Many families do this. The benefits of signing with a child who is pre-verbal are pretty easy to understand. After all, how wonderful is it to know what your baby is thinking before they can speak? But did you also know that the benefits of signing with a child go well beyond the baby years?
When a child first begins to speak, their own use of sign may naturally slow down for a bit, but that doesn't mean it is time to stop! A toddler who is newly verbal will likely continue to use signs as needed. In addition, the ongoing use of sign language with children has been shown to enhance both spoken language and literacy development over the years, increasing both spoken vocabulary and reading ability in statistically significant ways.
The benefits of sign language in literacy and language development holds true for not only typically developing children, but for children for whom English is not the first language, and for children with special needs.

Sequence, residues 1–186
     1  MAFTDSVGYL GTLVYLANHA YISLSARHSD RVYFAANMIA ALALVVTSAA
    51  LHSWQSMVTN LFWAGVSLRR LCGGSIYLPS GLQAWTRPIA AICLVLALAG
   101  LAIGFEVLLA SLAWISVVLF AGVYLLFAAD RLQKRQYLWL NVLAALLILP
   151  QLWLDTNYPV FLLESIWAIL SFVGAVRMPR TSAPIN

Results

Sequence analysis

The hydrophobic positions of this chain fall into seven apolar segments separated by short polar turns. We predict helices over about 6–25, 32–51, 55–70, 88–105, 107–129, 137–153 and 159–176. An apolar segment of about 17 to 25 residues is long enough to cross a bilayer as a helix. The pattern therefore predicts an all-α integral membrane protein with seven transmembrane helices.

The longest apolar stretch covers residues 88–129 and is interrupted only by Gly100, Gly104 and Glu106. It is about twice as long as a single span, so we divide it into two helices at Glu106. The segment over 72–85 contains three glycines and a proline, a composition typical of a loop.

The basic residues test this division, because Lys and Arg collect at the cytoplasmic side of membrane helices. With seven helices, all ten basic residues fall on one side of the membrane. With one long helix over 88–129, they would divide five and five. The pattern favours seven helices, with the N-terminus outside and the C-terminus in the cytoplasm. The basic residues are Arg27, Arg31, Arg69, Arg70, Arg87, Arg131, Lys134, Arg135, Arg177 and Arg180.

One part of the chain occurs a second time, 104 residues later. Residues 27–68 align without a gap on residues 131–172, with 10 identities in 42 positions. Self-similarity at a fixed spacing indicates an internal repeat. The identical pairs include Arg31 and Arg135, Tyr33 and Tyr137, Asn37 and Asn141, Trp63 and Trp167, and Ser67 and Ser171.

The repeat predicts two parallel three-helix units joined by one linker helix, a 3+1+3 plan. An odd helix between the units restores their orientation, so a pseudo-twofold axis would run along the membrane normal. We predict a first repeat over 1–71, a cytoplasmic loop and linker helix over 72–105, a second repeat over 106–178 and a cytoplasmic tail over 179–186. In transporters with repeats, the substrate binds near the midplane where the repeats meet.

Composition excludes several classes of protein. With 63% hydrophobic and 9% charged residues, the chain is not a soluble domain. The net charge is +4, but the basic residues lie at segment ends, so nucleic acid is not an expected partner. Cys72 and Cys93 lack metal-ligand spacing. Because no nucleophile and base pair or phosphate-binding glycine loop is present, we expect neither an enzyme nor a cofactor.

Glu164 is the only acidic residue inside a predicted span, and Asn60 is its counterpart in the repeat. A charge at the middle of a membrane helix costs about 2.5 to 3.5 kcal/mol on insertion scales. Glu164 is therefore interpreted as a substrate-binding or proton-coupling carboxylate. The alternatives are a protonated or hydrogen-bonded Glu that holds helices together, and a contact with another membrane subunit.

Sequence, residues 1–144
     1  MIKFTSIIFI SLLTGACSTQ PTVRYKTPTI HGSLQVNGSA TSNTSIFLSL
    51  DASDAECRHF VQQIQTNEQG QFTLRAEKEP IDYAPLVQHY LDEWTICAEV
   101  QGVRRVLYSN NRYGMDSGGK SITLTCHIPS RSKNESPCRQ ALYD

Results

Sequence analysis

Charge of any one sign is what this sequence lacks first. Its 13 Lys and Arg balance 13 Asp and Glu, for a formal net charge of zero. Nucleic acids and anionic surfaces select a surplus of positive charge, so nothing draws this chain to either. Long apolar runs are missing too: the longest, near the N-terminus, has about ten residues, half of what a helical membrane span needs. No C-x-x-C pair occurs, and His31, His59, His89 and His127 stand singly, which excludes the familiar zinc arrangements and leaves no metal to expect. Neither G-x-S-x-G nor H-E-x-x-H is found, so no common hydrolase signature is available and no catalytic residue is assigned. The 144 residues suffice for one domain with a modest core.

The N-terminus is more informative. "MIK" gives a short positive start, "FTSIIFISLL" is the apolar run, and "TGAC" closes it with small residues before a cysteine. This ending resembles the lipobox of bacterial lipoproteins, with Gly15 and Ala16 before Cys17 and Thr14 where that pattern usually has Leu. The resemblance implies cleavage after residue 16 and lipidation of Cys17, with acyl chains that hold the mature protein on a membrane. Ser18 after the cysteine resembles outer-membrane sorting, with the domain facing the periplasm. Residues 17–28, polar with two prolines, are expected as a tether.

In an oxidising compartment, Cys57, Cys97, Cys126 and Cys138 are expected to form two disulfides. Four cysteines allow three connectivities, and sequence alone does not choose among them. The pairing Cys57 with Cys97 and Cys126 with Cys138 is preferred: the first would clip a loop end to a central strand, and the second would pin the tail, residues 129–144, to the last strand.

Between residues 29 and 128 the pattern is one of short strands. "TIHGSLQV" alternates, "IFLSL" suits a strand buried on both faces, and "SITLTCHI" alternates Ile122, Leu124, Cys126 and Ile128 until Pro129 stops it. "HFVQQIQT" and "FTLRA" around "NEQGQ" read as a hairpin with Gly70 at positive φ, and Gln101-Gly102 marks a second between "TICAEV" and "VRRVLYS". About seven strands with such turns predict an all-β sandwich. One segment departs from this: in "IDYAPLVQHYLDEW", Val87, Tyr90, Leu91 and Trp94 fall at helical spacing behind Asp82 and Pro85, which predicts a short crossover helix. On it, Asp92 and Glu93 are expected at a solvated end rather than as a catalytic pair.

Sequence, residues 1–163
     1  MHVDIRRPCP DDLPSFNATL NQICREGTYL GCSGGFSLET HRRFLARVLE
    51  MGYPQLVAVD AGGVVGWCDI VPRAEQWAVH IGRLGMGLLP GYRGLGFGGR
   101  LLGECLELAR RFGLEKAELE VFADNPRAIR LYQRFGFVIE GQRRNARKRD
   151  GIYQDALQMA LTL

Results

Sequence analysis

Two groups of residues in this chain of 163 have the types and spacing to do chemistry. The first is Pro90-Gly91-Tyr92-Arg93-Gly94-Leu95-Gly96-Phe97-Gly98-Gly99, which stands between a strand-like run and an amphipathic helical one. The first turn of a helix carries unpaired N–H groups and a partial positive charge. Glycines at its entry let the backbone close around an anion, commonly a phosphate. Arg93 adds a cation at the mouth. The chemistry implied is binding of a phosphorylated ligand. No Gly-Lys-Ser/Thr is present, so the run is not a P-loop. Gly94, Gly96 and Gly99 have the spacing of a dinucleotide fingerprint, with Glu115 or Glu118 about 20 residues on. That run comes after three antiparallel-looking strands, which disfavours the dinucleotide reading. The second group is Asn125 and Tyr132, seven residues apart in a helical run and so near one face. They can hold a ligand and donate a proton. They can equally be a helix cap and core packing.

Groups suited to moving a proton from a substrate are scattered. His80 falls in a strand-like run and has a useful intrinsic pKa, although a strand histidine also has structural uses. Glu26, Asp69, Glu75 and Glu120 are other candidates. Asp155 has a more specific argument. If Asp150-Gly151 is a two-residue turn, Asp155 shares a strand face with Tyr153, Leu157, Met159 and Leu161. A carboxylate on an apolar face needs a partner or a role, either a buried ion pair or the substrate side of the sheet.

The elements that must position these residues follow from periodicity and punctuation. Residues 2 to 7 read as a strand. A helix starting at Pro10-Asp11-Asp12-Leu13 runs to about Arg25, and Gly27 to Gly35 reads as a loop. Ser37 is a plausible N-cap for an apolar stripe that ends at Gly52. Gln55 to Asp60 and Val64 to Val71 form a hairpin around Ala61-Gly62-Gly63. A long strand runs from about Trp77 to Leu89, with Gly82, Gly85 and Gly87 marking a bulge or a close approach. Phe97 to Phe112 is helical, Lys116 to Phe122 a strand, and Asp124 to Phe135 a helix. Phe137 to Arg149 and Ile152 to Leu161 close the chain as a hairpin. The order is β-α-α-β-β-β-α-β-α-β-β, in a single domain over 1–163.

Sign language can serve as a wonderful bridge between two spoken languages, where English is spoken in the daycare or school, and a native language is spoken at home. Because sign language is naturally iconic (many signs kind of look like the concept they represent), a child may be able to clearly express the same concept in either environment using a few signs.
Children with special needs, who may have cognitive, motor, or language delays, also thrive with sign language. For some children, their receptive language (what they understand) outpaces their expressive language (what they can communicate with words). Because sign language can tap into a variety or modalities (visual, auditory, kinesthetic), children of all abilities are often able to harness the communication powers of simple signs, empowering them to express needs, wants, thoughts, and emotions, in a way they may not have previously been able to do.
Quite simply, sign language with children of all ages has shown to have a wide range of benefits for all ages, stages, and abilities.